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Reducing a Map Path Using Douglas-Peucker Algorithm

A Working Example Using Google Maps

Earlier in this article we took a brief look at the shapes.txt in the GTFS specification. We will now read data from this file and plot it on a map using the Google Maps API.

We will then reduce the shape using the ShapeReducer class and plot the reduced shape on a map. This will demonstrate that the number of points in a shape can safely be reduced.

The data in shapes.txt looks similar to that in Listing 4. The entire data file used in this example is available with this article.

Listing 4 A sample of the GTFS shapes.txt file (shapes.txt)
shape_id,shape_pt_lat,shape_pt_lon,shape_pt_sequence,shape_dist_traveled
27779,-33.3240789844364,115.638325287067,1,0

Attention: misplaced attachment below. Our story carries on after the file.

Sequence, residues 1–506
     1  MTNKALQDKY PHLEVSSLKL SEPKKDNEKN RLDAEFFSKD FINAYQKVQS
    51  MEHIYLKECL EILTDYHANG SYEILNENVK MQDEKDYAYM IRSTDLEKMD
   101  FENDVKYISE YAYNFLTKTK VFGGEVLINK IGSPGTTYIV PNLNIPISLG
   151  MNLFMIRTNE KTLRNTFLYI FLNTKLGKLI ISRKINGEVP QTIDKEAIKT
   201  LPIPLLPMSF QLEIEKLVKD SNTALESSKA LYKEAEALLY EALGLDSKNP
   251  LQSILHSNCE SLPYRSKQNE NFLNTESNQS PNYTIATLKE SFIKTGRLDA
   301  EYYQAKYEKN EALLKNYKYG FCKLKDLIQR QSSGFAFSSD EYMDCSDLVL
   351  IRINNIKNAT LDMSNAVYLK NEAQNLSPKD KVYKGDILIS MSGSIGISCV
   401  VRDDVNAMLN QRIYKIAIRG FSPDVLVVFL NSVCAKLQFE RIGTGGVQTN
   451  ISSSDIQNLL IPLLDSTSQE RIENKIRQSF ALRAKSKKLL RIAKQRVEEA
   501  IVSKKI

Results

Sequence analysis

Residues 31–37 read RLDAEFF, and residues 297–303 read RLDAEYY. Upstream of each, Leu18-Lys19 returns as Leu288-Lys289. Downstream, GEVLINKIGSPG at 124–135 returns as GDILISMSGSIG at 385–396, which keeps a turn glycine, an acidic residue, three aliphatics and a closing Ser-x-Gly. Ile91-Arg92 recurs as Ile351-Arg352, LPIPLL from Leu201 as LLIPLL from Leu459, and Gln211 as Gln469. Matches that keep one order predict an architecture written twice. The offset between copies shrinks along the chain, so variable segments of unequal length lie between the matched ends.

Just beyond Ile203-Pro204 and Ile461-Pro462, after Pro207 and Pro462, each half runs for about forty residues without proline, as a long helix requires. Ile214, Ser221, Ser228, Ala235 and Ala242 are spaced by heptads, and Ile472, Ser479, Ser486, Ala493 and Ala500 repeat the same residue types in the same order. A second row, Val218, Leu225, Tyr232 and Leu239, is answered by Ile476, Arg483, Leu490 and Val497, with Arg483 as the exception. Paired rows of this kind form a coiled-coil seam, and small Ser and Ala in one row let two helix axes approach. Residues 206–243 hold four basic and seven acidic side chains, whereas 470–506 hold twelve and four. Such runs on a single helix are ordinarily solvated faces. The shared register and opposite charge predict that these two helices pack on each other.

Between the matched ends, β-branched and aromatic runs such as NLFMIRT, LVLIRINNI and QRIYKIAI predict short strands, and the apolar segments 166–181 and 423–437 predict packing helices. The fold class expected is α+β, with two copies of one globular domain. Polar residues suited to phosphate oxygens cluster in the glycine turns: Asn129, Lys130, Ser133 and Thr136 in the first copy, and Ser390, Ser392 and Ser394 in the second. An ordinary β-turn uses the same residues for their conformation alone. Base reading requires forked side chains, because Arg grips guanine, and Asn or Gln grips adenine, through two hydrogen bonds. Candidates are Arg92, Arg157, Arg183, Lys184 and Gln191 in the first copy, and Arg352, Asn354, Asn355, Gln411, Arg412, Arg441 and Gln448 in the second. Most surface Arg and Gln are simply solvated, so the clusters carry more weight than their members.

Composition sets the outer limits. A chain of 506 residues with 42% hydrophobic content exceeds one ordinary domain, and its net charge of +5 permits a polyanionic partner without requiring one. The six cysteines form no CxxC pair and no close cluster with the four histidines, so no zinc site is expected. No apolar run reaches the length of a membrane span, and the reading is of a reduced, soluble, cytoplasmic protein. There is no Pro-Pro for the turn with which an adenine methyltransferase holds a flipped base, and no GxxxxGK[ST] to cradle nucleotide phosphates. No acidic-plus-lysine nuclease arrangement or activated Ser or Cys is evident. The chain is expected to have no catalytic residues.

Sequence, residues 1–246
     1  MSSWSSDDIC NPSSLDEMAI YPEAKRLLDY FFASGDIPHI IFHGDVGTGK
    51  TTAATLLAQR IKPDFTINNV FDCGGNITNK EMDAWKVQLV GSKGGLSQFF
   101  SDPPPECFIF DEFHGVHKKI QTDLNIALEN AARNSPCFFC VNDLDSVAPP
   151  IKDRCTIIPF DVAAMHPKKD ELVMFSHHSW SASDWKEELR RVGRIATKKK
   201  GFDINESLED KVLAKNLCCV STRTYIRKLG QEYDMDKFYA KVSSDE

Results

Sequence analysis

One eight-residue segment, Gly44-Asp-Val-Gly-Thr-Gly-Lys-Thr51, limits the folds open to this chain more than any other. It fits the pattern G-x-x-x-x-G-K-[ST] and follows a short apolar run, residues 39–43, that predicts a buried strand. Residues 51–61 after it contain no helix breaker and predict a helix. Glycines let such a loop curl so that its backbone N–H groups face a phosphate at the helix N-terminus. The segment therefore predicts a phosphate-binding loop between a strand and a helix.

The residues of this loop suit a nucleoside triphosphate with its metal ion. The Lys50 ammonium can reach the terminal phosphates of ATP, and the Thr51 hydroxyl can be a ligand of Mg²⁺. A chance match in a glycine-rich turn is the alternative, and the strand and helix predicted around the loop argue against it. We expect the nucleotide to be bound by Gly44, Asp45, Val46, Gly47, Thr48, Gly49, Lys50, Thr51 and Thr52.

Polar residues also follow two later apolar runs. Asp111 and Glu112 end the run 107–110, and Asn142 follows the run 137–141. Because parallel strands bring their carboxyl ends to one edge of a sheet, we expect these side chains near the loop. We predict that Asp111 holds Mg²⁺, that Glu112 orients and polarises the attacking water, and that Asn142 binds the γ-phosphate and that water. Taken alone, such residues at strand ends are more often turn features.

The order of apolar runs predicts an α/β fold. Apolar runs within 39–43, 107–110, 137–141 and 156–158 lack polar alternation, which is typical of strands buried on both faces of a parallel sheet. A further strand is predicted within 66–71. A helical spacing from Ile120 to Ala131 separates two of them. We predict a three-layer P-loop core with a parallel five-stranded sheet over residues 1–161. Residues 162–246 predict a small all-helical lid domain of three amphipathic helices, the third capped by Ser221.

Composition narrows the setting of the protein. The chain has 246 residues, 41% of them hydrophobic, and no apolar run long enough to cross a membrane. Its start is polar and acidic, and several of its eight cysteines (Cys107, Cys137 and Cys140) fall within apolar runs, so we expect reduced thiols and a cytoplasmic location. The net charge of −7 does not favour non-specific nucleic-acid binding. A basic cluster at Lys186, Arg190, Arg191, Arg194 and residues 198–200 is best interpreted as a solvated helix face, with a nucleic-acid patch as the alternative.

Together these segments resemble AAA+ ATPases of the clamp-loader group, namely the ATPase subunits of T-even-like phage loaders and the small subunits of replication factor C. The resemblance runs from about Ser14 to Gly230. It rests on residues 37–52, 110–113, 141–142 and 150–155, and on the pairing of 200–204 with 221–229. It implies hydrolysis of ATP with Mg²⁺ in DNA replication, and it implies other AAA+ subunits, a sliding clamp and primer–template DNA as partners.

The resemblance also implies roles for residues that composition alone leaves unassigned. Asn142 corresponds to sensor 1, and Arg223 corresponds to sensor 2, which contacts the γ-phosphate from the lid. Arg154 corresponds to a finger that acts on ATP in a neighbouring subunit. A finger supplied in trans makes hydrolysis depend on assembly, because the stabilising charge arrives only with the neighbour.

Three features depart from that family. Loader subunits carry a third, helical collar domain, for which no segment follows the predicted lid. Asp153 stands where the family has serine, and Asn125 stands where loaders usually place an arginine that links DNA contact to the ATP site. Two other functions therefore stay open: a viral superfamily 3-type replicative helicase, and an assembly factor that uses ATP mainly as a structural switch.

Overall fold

27779,-33.3240755555556,115.638360555556,2,3.31
27779,-33.3240722222222,115.638396666667,3,6.69
27779,-33.3240783333333,115.638419444444,4,8.91

To simplify matters, we're only interested in shape_pt_lat and shape_pt_lon columns. We're going to ignore the other 3 columns (we'll assume the points are already in order, so we won't worry about shape_pt_sequence).

Note: If you were parsing a full shapes.txt file from a GTFS feed you would need to appropriately handle all columns

Using PHP's fgetcsv() function, we can parse this file and build a Shape using the code in Listing 5.

Listing 5 Code to parse the shapes.txt and create a new shape (listing-5.php)
<?php
    require_once('Shape.php');
 
    $fp = fopen('shapes.txt', 'r');
 
    $shape = new Shape();
 
    $i = 0;
    while (($row = fgetcsv($fp))) {
        if ($i == 0) {
            // csv header row
        }
        else {